A system of organization in members of a group who are ranked one above the other according to status or authority.
The group into which an animal is born.
Using four limbs to move about. This word comes from the Latin meaning “four feet.”
Visit the Glossary for more definitions
These macaques have an incredibly varied diet. Fruits make up about half of their diet. Seeds, leaves, and insects also make up significant parts of their diet. Formosan rock macaques forage from up to 300 different plants. They have also been known to raid farms and houses for foods such as sweet potatoes and peanuts.
Behavior and Lifestyle
Formosan rock macaques are diurnal. They prefer to spend most of their life on the ground and, as such, are quadrupedal, meaning they walk on all four limbs.
Daily Life and Group Dynamics
Ideally, Formosan rock macaques would live in groups of as many as 100 individuals living in a multi-male/multi-female system averaging about 20 males and 25 females. However, due to pressures from human activities, most live in much smaller groups today, averaging about 10 members on average. Some of these groups only feature one male, although all-male bachelor groups will temporarily join these groups during mating season.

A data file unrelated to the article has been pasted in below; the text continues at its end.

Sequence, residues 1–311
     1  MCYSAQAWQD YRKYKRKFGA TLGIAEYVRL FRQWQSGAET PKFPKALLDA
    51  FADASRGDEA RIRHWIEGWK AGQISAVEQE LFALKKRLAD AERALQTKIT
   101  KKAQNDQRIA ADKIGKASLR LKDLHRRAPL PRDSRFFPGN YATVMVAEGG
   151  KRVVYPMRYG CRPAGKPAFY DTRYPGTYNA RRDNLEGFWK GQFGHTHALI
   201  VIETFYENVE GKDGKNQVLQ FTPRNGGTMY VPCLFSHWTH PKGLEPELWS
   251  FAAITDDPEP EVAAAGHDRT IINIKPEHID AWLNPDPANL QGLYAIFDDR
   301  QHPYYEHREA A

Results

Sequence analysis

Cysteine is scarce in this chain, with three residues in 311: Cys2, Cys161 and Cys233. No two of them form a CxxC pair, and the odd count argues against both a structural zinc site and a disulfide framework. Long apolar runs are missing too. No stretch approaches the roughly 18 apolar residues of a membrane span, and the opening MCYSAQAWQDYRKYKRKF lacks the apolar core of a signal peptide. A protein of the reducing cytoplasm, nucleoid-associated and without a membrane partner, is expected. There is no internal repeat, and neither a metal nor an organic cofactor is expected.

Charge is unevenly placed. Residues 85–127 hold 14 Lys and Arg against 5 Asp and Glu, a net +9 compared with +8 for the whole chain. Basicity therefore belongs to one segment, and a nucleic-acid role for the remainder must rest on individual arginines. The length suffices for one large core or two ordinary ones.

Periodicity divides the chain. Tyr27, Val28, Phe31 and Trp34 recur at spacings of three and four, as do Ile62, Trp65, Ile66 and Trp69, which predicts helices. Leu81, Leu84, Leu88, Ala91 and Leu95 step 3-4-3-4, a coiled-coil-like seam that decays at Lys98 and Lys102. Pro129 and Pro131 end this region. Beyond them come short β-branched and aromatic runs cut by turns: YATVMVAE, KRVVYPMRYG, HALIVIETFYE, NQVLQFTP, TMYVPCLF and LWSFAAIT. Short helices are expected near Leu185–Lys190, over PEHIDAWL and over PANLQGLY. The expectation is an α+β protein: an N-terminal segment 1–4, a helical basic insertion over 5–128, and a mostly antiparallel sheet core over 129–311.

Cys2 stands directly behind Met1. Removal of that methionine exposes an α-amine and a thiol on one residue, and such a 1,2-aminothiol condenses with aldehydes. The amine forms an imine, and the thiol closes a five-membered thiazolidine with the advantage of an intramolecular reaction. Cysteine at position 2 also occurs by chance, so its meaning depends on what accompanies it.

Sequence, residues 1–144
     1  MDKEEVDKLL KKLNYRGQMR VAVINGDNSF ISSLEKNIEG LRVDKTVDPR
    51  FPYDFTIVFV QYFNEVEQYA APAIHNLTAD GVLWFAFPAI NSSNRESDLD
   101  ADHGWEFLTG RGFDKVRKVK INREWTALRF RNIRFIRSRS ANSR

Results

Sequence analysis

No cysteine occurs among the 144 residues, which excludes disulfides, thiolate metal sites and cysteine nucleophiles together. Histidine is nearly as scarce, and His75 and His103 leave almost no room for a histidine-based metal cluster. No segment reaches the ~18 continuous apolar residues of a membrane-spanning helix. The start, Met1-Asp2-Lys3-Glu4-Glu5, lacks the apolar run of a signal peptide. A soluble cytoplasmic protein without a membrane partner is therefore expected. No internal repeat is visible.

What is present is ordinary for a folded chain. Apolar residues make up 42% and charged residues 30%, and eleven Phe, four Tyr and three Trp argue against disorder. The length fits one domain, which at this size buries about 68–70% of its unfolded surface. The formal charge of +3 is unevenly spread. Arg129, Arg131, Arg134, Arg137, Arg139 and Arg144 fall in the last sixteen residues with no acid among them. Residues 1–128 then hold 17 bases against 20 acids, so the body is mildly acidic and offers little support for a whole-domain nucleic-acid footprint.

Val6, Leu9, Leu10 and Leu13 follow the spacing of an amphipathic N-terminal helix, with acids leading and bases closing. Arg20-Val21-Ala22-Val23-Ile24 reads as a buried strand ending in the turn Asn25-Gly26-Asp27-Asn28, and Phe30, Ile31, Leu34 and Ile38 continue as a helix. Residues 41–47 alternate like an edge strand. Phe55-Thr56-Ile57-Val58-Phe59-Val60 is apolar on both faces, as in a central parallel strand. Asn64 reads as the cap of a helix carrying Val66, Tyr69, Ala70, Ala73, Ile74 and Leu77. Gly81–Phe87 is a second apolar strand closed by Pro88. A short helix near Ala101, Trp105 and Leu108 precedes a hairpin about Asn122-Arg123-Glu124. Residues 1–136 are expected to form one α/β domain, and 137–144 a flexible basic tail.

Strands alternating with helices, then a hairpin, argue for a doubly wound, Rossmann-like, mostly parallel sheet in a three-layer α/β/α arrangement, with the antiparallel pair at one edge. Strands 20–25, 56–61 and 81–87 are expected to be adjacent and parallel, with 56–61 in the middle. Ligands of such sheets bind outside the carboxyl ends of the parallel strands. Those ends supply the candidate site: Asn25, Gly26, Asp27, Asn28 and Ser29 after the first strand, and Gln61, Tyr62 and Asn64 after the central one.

There is a separate hierarchy of males and females in each group. If there are multiple males in a group, one male will attempt to establish dominance over all challengers. Female dominance is established through lineage, with the daughters of the dominant females taking precedence over the more distantly related females.
Formosan rock macaques, introduced to Japan, have been known to interbreed with the local Japanese macaques (more commonly known as snow monkeys) creating hybrids of the two species.
While foraging, the group stays in contact with one another through “gu” calls; the others respond with a “kyaw-kyaw” call. Macaques also communicate through facial expressions. A smile with clenched teeth is a gesture of submission, while an open mouth with covered teeth indicates aggression.
Reproduction and Family